Ilz emploient bien ou non,
Mais piqués de l’esperon
Sont autant que leurs chevaulx
     Jeunes amoureux nouveaulx.



Charles d’Orleans (1394-1465) was a French royal born into an aristocratic family: his grandfather was Charles V of France and his uncle was Charles VI. His father, Louis I, Duke of Orleans, was a patron of poets and artists. The poet Christine de Pizan dedicated poems to his mother, Valentina Visconti. He became the Duke of Orleans at age 13 after his father was murdered by John the Fearless, Duke of Burgundy. He was captured at age 21 in the battle of Agincourt and taken to England, where he remained a prisoner for the next quarter century. While imprisoned there he learned English and wrote poetry of a high order in his second language. A master of poetic forms, he wrote primarily ballades, chansons, complaints and rondeaux. He has been called the “father of French lyric poetry” and has also been credited with writing the first Valentine’s Day poem.

Keywords/Tags: France, French, translation, Charles, Orleans, Duke, first Valentine, rondeau, chanson, rondel, roundel, ballade, ballad, lyric, Middle English, Medieval English, rondeaus, rondeaux, rondels, roundels, ballades, ballads, chansons, royal, noble, prisoner, hostage, ransom
Simone Nov 2017
Took me to the wrong end of the Mississippi
Blown north from the whistling blues
Dreamt that sweet sound of saxophones
Coloring St. Claude Avenue

Banana leaves melted into evergreens
Where the swamps finally ran cold
Through the mountain ranges of the lakes, and banjos of the plains
Where the countryside grew quiet and old

I grew up on the wrong end of the Mississippi
But now I’m taking that southbound train
Oh honey don’t ask me how I’ve been
It’s a restless, lonesome pain
Simone Oct 2017
This land still sings your silent song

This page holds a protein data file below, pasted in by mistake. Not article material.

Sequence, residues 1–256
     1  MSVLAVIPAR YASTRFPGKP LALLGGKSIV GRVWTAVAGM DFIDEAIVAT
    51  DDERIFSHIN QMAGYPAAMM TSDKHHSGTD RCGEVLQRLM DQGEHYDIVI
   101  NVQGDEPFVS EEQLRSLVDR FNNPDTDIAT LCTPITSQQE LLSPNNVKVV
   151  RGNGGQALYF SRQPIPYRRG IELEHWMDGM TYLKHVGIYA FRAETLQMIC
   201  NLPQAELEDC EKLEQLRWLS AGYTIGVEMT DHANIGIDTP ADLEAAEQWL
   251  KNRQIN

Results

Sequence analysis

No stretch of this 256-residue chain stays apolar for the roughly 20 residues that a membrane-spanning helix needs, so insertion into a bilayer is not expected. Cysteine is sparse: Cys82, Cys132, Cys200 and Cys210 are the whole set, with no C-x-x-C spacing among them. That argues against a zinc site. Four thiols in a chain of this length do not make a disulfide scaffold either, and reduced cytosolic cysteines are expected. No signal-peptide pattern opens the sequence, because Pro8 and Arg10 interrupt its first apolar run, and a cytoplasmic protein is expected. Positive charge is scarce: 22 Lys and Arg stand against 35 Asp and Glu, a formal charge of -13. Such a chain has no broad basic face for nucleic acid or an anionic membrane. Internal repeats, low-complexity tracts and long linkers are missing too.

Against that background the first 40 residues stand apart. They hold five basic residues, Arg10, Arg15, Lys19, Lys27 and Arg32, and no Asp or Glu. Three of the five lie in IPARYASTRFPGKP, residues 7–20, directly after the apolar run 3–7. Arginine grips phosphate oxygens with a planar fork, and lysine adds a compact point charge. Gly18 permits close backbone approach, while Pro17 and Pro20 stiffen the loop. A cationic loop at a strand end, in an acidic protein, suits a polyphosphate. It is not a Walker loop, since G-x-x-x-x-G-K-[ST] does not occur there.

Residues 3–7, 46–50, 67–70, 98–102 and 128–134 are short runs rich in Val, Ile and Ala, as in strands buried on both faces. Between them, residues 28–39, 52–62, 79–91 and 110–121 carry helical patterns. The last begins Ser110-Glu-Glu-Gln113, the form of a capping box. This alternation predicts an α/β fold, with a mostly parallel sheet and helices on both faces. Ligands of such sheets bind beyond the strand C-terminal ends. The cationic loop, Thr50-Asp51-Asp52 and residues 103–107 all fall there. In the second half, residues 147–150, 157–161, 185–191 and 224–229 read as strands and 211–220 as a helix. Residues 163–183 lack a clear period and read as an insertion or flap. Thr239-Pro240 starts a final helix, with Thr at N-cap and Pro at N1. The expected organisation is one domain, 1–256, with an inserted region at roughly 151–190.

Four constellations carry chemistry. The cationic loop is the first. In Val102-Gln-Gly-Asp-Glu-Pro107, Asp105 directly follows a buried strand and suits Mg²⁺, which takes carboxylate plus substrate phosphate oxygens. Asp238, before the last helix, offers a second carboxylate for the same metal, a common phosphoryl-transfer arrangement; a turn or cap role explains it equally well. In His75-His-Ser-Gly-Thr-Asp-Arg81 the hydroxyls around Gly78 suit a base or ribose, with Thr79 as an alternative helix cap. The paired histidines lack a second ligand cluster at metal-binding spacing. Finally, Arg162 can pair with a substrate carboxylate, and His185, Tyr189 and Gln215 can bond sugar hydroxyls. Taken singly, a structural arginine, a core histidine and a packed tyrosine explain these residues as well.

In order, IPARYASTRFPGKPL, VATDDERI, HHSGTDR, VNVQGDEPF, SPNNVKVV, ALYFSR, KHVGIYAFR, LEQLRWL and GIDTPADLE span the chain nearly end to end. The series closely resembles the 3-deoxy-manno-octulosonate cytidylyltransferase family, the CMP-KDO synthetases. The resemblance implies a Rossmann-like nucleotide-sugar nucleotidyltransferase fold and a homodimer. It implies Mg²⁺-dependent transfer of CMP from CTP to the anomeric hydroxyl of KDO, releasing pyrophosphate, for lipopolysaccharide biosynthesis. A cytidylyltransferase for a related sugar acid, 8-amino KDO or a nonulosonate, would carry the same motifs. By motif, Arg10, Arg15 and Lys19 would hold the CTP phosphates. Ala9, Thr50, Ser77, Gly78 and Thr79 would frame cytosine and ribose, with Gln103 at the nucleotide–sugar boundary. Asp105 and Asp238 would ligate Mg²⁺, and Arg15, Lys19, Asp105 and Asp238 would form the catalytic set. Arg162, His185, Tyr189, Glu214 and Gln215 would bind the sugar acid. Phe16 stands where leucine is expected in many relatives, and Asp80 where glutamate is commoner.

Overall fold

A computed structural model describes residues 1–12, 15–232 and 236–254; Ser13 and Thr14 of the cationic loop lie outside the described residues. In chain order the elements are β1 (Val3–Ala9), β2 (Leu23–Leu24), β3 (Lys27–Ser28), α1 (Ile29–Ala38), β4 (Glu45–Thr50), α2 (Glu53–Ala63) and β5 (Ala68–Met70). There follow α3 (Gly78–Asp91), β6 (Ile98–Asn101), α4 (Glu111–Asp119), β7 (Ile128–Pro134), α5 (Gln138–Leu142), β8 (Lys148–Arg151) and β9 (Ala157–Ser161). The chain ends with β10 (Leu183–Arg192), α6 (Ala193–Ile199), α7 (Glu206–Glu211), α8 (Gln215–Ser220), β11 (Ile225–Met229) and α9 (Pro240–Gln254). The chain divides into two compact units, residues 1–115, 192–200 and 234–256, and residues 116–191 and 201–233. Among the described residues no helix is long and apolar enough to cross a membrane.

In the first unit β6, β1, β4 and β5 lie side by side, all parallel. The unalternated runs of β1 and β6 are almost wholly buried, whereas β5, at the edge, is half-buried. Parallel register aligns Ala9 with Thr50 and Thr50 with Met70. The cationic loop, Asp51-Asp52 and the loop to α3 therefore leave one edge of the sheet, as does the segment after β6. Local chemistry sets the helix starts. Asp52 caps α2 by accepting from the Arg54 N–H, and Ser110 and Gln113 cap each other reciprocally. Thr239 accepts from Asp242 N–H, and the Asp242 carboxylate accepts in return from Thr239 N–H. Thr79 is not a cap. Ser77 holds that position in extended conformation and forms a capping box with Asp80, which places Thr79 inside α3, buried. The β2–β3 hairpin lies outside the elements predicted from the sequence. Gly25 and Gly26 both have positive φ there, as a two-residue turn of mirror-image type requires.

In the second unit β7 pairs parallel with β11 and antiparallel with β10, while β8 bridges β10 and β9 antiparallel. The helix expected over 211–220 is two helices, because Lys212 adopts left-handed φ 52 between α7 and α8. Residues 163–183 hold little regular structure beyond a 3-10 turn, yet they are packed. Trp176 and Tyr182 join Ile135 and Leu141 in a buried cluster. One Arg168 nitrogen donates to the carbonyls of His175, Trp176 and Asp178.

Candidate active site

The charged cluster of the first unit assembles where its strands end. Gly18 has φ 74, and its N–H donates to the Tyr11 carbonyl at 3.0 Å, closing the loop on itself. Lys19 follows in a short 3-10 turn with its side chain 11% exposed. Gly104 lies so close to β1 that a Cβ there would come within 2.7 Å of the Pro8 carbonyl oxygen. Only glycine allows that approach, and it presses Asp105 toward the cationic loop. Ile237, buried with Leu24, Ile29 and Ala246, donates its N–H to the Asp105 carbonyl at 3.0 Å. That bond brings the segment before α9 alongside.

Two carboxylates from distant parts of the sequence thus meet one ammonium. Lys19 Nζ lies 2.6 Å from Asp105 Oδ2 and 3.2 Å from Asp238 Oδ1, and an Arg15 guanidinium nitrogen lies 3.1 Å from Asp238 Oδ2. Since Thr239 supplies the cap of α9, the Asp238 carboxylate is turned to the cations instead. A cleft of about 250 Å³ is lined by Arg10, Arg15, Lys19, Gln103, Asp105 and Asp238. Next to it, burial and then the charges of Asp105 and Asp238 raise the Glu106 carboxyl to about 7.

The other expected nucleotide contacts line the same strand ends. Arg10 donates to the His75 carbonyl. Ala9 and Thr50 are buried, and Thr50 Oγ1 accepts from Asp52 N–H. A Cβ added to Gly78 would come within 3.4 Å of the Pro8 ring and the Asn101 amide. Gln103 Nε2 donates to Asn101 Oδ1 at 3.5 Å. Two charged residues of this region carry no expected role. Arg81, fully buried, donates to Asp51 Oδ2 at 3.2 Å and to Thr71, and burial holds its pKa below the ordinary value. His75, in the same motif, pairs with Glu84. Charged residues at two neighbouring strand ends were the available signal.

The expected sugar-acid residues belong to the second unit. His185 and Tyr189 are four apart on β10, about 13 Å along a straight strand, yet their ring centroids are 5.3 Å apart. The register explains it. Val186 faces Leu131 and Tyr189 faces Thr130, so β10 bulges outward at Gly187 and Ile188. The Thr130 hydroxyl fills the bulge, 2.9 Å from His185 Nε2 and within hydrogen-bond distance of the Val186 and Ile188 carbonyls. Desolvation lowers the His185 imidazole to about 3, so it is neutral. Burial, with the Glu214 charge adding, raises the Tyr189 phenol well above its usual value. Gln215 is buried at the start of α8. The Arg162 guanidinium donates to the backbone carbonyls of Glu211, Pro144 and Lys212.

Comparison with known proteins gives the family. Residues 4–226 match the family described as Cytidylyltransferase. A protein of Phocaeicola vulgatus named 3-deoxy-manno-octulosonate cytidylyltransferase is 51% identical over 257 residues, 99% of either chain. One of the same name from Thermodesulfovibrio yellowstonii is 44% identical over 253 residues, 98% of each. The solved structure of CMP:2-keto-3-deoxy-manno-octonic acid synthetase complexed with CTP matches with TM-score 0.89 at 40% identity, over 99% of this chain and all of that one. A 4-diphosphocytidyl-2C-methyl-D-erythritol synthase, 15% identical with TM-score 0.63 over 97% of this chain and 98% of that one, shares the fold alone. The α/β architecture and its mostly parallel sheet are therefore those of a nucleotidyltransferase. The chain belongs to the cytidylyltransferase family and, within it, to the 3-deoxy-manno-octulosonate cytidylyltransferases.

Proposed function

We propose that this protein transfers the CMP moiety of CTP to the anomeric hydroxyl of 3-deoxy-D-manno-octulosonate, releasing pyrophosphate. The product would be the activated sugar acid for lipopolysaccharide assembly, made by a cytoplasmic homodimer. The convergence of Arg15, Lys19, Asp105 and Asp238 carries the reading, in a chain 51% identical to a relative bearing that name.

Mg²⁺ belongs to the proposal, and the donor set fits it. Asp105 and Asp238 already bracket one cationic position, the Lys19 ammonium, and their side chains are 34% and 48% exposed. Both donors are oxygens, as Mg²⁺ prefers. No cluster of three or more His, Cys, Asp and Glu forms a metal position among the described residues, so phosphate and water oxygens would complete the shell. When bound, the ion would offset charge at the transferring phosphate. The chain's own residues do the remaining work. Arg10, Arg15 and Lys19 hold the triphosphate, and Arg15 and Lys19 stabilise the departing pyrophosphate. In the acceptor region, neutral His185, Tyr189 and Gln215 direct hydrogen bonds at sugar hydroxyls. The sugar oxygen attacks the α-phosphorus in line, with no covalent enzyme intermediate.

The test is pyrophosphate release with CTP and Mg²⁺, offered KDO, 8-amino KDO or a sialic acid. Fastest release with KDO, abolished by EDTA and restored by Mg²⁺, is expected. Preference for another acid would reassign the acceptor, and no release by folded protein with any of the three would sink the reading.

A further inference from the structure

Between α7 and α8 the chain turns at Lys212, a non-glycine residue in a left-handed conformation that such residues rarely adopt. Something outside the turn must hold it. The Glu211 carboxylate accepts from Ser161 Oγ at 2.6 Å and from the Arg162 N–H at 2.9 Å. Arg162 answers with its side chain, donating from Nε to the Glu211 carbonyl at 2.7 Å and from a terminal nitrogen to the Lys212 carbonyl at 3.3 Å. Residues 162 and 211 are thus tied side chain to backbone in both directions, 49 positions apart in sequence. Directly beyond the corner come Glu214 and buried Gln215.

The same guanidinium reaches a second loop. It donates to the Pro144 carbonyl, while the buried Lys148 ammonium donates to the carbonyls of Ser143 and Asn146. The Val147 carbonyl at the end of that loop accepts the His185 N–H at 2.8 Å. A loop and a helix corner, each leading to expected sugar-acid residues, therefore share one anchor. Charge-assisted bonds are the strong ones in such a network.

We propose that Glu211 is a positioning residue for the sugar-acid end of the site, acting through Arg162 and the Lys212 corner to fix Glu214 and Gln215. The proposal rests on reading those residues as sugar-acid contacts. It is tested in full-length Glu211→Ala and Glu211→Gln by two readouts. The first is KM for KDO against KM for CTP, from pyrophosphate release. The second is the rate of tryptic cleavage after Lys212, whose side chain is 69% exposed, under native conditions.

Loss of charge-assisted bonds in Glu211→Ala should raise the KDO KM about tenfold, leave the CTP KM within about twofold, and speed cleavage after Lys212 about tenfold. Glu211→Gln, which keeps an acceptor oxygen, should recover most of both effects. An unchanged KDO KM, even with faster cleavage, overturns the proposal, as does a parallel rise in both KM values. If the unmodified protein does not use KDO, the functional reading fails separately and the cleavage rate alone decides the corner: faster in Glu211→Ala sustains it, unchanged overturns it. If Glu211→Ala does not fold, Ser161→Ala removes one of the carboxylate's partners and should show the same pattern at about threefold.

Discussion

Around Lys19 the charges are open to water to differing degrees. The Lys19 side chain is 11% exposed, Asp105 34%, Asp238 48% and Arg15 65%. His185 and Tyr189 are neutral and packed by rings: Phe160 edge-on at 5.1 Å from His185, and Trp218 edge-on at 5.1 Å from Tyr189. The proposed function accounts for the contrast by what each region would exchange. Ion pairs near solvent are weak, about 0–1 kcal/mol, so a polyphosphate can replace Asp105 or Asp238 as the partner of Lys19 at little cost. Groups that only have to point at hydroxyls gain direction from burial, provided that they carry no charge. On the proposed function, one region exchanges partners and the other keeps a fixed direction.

I chased it West under suspension bridges
In the empty whiskey bottles along Mississippi railroad tracks
In the sound of sugar sweet air in blue humid mornings
and the cool breath of absinthe sipped by the riverside
flanked by banana leaves.
Heard it in the breeze of swamp-side Cyprus trees, over swaying docks to rod iron French Quarter balconies, above the Bourbon street children drumming hymns of the Bayou's soul.
Bobcat Aug 2017
I have nothing to show for these past 3 years except a broken heart and a taste for whiskey
Now the early mornin' hours is when I think the most
Though you know I'd really like to get some sleep

See my body has a home but my soul is all alone and I know that it's all my fault
So I'll pour another drink and light up this roach while I sit and think 'bout the last 3 years wishing that this whiskey still burned deep

I'm listening to songs about New Orleans thinking that maybe thats where I should be
But who am I kidding I hate the humidity and I can't escape the shakes no matter how far I run away

And although my body has a home, my soul is all alone and I know that it's all my fault
So I'll pour another drink and light up this roach while I sit and think about the last 3 years and work on a new approach
William Schenck Mar 2017
I buzz down Bourbon St.,
bar-hopping to and fro in pursuit of some
sought-after nerve.

I’ll pass street entertainers performing
various tricks and trades
and I’ll envy not their boater hats
filled with cash, but rather the
attention they command from mothers
and fathers alike, on-looking and inebriated.
                              Maybe father would’ve looked at me
                              with the same awe, had I donned
                              a pair of stilts or covered my body in
                              tinman silver, for his
                              failure to pay me mind
                              certainly wasn’t a result of
                              under-intoxication.

I digress. The thirteen blocks that stretch between
Canal & Esplanade Avenue host
a distinct pattern of storefronts:
                    Bar, *******, bar, gift shop,
                    bar, *******, bar, gift shop,

and so on.
I’ll stop in nearly every other one,
and the taste in my mouth
will start to remind me of the street’s namesake.

With a scant blouse on and
a batting of my bedroom eyes,
a man will inevitably strike up a
“conversation” with me.
While I unconsciously engage
in repartee, I’ll wonder to myself
what must be wrong with him
that he would hone in on some
despondent fool like me.

He’ll continue to ply me with drinks
until a taxi cab takes me away,
and through a backseat window
cracked open, I’ll hear
New Orleans sing
while I sigh.


W.M.S.
2017